While the umbrella title for the season is "A New Light", the theme of the launch was inclusiveness. 

We have household names like David Williamson, alongside other mainstage regulars like Johanna Murray-Smith and Allison Bell and Robyn Nevin, presenting work with Sam Strong, Simon Stone, Alkinos Tsilimidos and Nadia Tass.

And the incredible Neon initiative, allowing The Haylot Project, Sisters Grimm, The Rabble, Fraught Outfit and Daniel Schlusser Ensemble to present brand new works, supported by the MTC but without artistic interference.

Plus the Pathways commitment to supporting emerging artists through readings and commissions.

And two shows specifically designed for young audiences - Beached and I Love You, Bro. Along with the "plus one" show in the main season, The Book of Everything.

The collective energy of this new direction excites me more than any one particular project. Sheehy wants his season to breathe and allow for surprises. Zeitgeist is an attempt to keep the door open for very fresh new work to presented on the main stage, without being constricted by the long lead time of planning a season this far out. The show will not be selected until the new year and allows Sheehy to slip in something new, something unexpected, something fresh. It's part of the subscription season, but it's a question mark - and that's thrilling for a state theatre company.

Beyond the thrill of Zeitgeist, the mainstage season may be selected, but many remain cast free at this point. I am so used to shows being sold at the launch with leads locked in place, but a couple of shows have no actors attached at this point at all.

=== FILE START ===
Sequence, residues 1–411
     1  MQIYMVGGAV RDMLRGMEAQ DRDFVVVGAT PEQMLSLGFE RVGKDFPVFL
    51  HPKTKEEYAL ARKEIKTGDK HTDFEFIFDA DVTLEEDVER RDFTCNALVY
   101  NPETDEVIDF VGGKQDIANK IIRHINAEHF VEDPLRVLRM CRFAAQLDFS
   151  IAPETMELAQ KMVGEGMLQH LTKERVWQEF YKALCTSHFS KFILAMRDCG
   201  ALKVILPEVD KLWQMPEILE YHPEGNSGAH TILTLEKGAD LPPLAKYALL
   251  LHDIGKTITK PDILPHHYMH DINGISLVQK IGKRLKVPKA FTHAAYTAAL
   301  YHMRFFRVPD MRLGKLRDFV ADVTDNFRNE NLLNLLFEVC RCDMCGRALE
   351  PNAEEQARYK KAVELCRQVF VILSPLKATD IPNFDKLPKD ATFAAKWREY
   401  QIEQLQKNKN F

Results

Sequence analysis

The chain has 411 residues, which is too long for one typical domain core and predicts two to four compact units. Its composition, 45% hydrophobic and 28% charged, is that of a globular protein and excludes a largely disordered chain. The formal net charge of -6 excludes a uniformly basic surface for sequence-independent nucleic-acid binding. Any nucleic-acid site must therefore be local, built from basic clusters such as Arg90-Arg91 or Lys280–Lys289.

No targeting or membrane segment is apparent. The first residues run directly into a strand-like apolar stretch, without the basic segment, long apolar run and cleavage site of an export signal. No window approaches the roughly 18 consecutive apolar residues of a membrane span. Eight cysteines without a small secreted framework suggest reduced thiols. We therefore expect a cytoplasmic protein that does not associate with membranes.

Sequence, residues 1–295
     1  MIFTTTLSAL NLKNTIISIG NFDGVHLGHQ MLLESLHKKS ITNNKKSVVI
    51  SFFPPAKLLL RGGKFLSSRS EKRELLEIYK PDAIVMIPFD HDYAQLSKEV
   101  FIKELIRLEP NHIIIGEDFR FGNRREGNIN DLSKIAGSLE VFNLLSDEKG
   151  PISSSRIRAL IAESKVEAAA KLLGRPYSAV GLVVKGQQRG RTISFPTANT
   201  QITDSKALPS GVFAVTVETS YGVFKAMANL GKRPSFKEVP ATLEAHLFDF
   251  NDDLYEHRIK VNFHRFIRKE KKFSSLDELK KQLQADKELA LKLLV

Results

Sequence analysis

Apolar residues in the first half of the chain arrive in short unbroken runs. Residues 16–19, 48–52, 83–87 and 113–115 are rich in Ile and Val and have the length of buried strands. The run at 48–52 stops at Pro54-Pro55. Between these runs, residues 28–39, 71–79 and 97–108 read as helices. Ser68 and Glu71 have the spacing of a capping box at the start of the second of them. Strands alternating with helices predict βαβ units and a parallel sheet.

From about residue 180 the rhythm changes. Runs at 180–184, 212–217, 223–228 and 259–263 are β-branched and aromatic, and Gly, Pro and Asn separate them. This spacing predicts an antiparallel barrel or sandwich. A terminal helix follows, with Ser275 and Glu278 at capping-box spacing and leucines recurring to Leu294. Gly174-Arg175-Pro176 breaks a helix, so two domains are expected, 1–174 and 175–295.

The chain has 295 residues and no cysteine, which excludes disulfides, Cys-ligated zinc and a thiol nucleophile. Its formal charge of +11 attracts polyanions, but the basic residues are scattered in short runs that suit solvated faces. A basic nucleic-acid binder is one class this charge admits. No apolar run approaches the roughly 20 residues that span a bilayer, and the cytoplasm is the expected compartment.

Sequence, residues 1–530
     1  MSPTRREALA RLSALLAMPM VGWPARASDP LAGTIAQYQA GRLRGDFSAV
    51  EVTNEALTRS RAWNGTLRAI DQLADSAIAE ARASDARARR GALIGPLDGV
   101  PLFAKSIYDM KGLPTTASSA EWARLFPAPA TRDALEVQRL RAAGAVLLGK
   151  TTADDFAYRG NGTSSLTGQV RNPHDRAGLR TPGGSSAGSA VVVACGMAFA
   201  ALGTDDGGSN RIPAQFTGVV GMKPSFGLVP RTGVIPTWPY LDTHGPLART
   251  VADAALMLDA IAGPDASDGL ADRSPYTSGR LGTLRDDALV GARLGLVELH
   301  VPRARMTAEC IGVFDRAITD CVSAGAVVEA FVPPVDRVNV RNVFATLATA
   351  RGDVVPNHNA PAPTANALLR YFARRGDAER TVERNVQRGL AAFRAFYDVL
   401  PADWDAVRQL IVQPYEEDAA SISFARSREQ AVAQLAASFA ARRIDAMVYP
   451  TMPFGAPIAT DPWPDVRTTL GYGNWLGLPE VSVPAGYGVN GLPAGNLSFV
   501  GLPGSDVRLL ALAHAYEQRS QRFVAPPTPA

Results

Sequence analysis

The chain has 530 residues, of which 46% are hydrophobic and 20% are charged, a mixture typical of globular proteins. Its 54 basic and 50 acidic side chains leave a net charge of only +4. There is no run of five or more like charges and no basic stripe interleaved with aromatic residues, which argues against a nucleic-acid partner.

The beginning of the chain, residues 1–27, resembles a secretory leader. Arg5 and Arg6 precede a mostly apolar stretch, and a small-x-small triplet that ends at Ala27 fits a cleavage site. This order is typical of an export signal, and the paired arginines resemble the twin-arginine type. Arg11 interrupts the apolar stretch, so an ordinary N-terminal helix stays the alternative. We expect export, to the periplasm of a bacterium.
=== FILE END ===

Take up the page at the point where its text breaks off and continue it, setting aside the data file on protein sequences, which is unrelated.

What am I most excited about?

The Crucible by Arthur Miller. Directed by Sam Strong. Starring David Wenham. Strong described it as a kind of perfect storm for him - and it seems for an audience, too, given all of those elements.

Simon Stone's The Cherry Orchard (after Anton Chekov). Starring Pamela Rabe. Given my aversion to Chekov, this seems like the ideal solution. For me, at least. And with Rabe? Yes. Just, yes.

Other Desert Cities by Jon Robin Baitz Directed by Strong. Starring Robyn Nevin. It might sound like Nevin is typecast here, but who cares?

Solomon and Marion by Lara Foot. Directed by Pamela Rabe. Starring Jacki Weaver. Yes, Jacki is coming back home. Cannot wait.

Saturday, 18 August 2012

Broadway, Off Broadway & a Cabaret Show: Adventures in New York Theatre

Once - one of the highlights of my trip
and my theatre-going year

There are forty theatres that comprise the world famous Broadway. Altogether, there are over 230 theatres in New York, if a talking tour bus is to be believed. And what of cabaret venues and non-traditional performances spaces? New York must be the city with the highest concentration of live performance in the world. It’s hard enough to keep tabs on everything that’s happening in Melbourne’s theatre scene. In New York, it’s impossible.

Which is why New York is so enticing, but also so tricky. How can I even sample everything the city has to offer? Can I avoid the temptation of Broadway itself, with its shiny marquees and Tony Award Winner notices plastered everywhere? Where do I begin Off Broadway? Whose recommendations do I take?

This trip was inspired by a production of Stephen Sondheim’s Into the Woods – a transfer of a production from London’s Regents Park to New York’s Central Park. I’ve always wanted to see one of the Public Theatre’s shows at the Delacourte, so why not fly half way around the world to see one of my favourite shows in a production that was acclaimed in London?

But attending a “Shakespeare in the Park” show means landing in the middle of a New York summer (sweltering), arriving too early for a swathe of new season Broadway shows (starting up in September) and finding a lot of curated theatre companies taking the summer off (this is true in Melbourne, too – try finding anything much opening in December or January). And, for some reason (the economy?), a lot of major Broadway shows didn’t even last through the tourist-heavy summer season.

For a city with so much choice, the selection was somewhat narrowed. Not that I’m complaining; it meant the possibilities were less overwhelming. Here, then, is some short reviews on shows I saw in New York between August 1 and August 11, 2012. In chronological order, because ranking them proved to be, there’s that word again – impossible.

Avenue Q – New World Stages (Off Broadway), August 1, 2012